The Washington Post gives a higher number of new foreign recruits to ISIS, together with this chart, showing that fighters joining ISIS have come from as far afield as Ukraine, Ireland, Finland and New Zealand.

See also: Islamic State Executes Three of Its Chinese Militants

At least 300 Chinese citizens have joined Islamic State. Three that tried to leave have been executed, Reuters reported.



Video here.



Why ISIS Murdered Kenji Goto
By George Packer
The New Yorker
February 4, 2015

Why did ISIS execute a second Japanese hostage? Before the beheading of the journalist Kenji Goto, Japan didn’t think that it was even in a fight with the Islamic State. All Japan had done was contribute a couple of hundred million dollars in humanitarian aid to countries fighting ISIS. Then the man who has come to be known as Jihadi John, the executioner with the London accent seen in several of the group’s videos, threatened death to every Japanese person on the planet as he prepared to slaughter Goto. As a result, a political scientist at the University of Tokyo told the Times, “The cruelty of the Islamic State has made Japan see a harsh new reality. … We now realize we face the same dangers as other countries do.” People in Japan are now calling Kenji Goto’s murder their 9/11.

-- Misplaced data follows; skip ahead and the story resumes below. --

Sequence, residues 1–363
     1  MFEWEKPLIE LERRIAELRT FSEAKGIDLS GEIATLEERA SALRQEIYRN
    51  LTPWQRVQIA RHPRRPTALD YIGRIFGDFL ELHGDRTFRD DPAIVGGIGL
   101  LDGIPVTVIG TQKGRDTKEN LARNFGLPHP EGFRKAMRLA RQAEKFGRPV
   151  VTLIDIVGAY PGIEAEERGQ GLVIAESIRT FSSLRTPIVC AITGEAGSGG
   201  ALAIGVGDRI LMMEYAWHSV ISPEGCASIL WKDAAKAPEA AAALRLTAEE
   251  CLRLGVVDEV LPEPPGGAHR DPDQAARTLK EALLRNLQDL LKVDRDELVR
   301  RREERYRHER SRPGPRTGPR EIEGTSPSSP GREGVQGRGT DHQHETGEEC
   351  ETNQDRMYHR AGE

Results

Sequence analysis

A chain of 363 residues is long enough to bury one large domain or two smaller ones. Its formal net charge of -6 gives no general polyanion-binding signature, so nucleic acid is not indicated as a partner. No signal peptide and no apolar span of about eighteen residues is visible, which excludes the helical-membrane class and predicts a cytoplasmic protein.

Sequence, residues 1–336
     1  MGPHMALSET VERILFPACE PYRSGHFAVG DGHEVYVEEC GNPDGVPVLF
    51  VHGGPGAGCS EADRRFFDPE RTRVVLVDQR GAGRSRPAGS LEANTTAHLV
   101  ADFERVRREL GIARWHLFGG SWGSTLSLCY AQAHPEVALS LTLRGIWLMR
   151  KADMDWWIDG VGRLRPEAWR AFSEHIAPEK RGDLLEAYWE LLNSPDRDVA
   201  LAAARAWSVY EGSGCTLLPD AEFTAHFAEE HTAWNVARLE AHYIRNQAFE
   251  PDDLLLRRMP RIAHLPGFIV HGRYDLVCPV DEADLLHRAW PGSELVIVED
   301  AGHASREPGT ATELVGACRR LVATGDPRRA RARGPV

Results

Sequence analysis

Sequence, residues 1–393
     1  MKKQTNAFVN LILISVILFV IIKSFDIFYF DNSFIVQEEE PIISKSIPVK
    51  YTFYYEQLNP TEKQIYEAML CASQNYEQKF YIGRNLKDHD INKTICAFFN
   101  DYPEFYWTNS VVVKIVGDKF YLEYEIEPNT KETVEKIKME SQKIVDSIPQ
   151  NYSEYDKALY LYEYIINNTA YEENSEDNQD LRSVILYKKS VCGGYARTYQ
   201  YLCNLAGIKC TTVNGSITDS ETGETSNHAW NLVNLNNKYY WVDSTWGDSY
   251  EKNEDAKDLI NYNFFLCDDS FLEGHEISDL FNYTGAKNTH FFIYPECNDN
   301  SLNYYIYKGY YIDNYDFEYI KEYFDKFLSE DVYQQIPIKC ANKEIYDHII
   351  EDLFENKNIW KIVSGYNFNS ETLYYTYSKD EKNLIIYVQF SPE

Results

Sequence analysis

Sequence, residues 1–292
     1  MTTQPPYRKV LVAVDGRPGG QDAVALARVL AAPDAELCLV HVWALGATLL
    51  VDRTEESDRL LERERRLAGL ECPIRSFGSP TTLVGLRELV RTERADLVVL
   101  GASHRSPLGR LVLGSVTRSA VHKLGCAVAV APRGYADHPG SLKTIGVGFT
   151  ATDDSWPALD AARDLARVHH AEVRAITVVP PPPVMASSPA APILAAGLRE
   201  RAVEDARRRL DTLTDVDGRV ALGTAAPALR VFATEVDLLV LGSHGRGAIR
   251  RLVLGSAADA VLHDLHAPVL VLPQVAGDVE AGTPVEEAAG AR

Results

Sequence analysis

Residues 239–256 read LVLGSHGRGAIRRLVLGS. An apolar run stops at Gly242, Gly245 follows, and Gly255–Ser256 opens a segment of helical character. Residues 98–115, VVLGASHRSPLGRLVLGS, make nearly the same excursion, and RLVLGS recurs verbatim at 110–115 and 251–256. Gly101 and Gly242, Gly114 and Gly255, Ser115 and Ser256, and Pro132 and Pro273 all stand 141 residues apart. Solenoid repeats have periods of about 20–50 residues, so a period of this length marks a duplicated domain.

Why did ISIS allow its negotiations with Jordan to collapse? Jordan’s 9/11 occurred on November 9, 2005, when Iraqi suicide bombers blew up fifty-seven people in three Amman hotels, including twenty-seven members of a wedding party. One of the wedding-bombing team was a newly married woman named Sajida al-Rishawi, whose vest failed to detonate, and who is currently held in a Jordanian prison under a death sentence. The failure of the talks – a potential deal might have involved trading Goto and/or the Jordanian Air Force pilot Moaz al-Kasasbeh, an ISIS captive, for Rishawi – has apparently turned public opinion in Jordan, which is fertile ground for infiltration by the Islamic State, against ISIS. For its trouble the Islamic State got no cash and no Sajida al-Rishawi, only worldwide revulsion. (Update: The barbaric burning alive of Lieutenant al-Kasasbeh by ISIS makes no tactical sense. Nor does the release, Tuesday, of a video of his death. It will only enrage Jordanians. The Islamic State did it, the organization stated, to gladden the hearts of “believers” – as a morale booster.)